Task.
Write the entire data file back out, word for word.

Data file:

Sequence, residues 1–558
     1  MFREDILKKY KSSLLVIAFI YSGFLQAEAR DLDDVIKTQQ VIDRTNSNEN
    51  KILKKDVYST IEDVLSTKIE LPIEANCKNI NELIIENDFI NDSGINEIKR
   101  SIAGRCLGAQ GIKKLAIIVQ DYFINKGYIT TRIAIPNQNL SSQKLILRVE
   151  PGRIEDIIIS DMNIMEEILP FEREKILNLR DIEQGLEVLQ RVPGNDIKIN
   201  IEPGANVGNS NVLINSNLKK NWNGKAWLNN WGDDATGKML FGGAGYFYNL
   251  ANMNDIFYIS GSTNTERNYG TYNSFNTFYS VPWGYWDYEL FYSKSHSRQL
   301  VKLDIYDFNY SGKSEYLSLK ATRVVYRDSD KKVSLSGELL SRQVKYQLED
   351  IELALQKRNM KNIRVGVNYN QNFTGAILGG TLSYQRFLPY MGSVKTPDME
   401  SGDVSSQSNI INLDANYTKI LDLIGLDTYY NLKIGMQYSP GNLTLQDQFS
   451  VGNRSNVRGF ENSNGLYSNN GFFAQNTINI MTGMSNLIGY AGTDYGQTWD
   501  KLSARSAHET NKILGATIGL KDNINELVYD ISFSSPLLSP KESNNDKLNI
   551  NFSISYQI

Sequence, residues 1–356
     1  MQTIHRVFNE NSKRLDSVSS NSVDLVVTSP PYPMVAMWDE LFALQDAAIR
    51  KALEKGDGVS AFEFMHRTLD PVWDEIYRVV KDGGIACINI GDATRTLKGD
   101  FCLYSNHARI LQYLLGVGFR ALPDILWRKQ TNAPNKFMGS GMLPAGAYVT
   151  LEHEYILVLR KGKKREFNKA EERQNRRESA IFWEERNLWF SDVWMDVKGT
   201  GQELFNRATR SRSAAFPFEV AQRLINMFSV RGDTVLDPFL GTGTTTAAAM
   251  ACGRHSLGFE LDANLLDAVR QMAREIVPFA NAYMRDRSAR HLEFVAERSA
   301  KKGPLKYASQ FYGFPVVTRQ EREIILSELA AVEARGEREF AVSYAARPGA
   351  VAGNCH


Sequence, residues 1–558
     1  MFREDILKKY KSSLLVIAFI YSGFLQAEAR DLDDVIKTQQ VIDRTNSNEN
    51  KILKKDVYST IEDVLSTKIE LPIEANCKNI NELIIENDFI NDSGINEIKR
   101  SIAGRCLGAQ GIKKLAIIVQ DYFINKGYIT TRIAIPNQNL SSQKLILRVE
   151  PGRIEDIIIS DMNIMEEILP FEREKILNLR DIEQGLEVLQ RVPGNDIKIN
   201  IEPGANVGNS NVLINSNLKK NWNGKAWLNN WGDDATGKML FGGAGYFYNL
   251  ANMNDIFYIS GSTNTERNYG TYNSFNTFYS VPWGYWDYEL FYSKSHSRQL
   301  VKLDIYDFNY SGKSEYLSLK ATRVVYRDSD KKVSLSGELL SRQVKYQLED
   351  IELALQKRNM KNIRVGVNYN QNFTGAILGG TLSYQRFLPY MGSVKTPDME
   401  SGDVSSQSNI INLDANYTKI LDLIGLDTYY NLKIGMQYSP GNLTLQDQFS
   451  VGNRSNVRGF ENSNGLYSNN GFFAQNTINI MTGMSNLIGY AGTDYGQTWD
   501  KLSARSAHET NKILGATIGL KDNINELVYD ISFSSPLLSP KESNNDKLNI
   551  NFSISYQI

Sequence, residues 1–356
     1  MQTIHRVFNE NSKRLDSVSS NSVDLVVTSP PYPMVAMWDE LFALQDAAIR
    51  KALEKGDGVS AFEFMHRTLD PVWDEIYRVV KDGGIACINI GDATRTLKGD
   101  FCLYSNHARI LQYLLGVGFR ALPDILWRKQ TNAPNKFMGS GMLPAGAYVT
   151  LEHEYILVLR KGKKREFNKA EERQNRRESA IFWEERNLWF SDVWMDVKGT
   201  GQELFNRATR SRSAAFPFEV AQRLINMFSV RGDTVLDPFL GTGTTTAAAM
   251  ACGRHSLGFE LDANLLDAVR QMAREIVPFA NAYMRDRSAR HLEFVAERSA
   301  KKGPLKYASQ FYGFPVVTRQ EREIILSELA AVEARGEREF AVSYAARPGA
   351  VAGNCH